After Effects

However you run, you have to eat well afterwards to lock in the benefits


Posted: 5 May 2009
by Ruth Emmett

GETTY IMAGES

We all know that a healthy diet is a balancing act of carbs, proteins and fats. But there's one factor runners often neglect, warns sports nutritionist Becky Stevenson (proactivate.co.uk): "Whether you've done an easy 20 minutes or been solidly running for hours, you need the right recovery food for that session." Work your diet around your training with our guide to common post-run problems.

Post-run You crave more fuel than you burnt
Starving after only 20 minutes? The glycogen stores in your muscles and liver could be too low. Stevenson recommends low-GI foods like oats or legumes three hours before a short run. Then fruit with low-fat yoghurt should be enough afterwards. "But don't forget the body often mistakes thirst for hunger," warns nutritionist Barbara Cox (nutrichef.co.uk). Use a urine chart indicator to find out if dehydration is the problem and replace table salt with Himalayan Crystal Salt (himalayancrystalsalt.co.uk, £3.50 for 250g): rich in minerals, it optimises hydration.

Post-run You train hard but don't want to lose weight
The trick to maintaining bulk is mixing simple and complex carbs. Stevenson recommends you have the same wholemeal toast or porridge as any other runner – but drizzle it with honey and berries for a sugar boost. Cox favours flapjacks as a high-density energy food, and using the juicer also helps: "Juicing veg, rather than eating it, means you end up with a higher number of calories in a smaller volume. And you can freeze the juice into 'shots' to add an energy boost to other meals as you cook."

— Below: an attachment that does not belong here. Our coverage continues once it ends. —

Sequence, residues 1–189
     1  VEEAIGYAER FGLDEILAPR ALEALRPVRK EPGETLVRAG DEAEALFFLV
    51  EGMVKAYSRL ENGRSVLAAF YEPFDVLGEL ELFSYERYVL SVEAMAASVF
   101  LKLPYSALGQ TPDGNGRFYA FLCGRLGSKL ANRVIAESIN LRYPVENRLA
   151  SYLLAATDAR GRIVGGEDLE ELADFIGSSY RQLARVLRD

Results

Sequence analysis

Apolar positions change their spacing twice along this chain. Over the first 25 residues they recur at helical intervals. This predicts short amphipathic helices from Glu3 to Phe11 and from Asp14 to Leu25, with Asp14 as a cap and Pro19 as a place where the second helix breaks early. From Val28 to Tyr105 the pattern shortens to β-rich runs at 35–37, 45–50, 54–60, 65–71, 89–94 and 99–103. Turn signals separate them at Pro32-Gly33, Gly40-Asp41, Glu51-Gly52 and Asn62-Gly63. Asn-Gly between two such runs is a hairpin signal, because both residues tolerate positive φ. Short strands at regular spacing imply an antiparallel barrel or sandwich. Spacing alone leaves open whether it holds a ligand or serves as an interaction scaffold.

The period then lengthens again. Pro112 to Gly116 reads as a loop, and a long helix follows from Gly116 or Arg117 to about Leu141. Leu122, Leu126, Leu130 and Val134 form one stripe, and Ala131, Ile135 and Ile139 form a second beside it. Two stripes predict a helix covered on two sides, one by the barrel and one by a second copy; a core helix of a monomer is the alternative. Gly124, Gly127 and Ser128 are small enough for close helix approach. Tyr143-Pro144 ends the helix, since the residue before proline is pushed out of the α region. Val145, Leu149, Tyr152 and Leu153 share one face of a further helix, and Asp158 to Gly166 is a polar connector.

Post-run You're knackered after a 20-miler
After heavy training, you have a 20-minute window to top up your glycogen levels with carbs. Within the hour, you also need a full meal; the body converts carbs into glycogen, but this is easier if you eat protein too, according to a study in Medicine and Science in Sports and Exercise. Aim for a carbs-to-protein ratio of 4:1. Cox suggests chicken salad with bread, or meat stew with rice. "Or try quinoa, which is a protein source in itself," she says.

Post-runYou're a queasy rider
"When you run hard or long, the gut can become ischemic," says Stevenson. "That means it doesn't have a great blood supply because everything's gone to your legs." A sensitive gut can't handle big meals, so avoid bulk beforehand with meal replacement shakes like Complan or Maximuscle. These are absorbed far more easily than food and if you still have problems, Stevenson suggests diluting the shakes down from six per cent concentration to roughly four per cent. Then follow your normal post-run recovery schedule, sticking to dry and plain carbs like bread, bananas or crackers.

Post-run You're a night owl
Even if you run just before bedtime, refuelling is vital. "Otherwise your liver stores of glycogen will be too low to sustain you the next day," says Stevenson. "Go for a small amount of carbs which are easier to digest, without too much protein." It is best to eat your main meal two hours before the run, so a snack will be enough afterwards: Cox suggests crudités with hummus as a quick pick-me-up. Alternatively, have a small bowl of pasta with tomatoes, or a packet of oatcakes.


Previous article
Pick of the Crop: Summer
Next article
Taper & Race-day Nutrition Q+A: Nick Morgan

recovery, nutrition recovery
TwitterStumbleUponFacebookDiggRedditGoogle

Discuss this article

We'd love you to add a comment! Please login or take half a minute to register as a free member

Smart Coach
Free, fully-personalized training plans, designed to suit your racing goals and your lifestyle.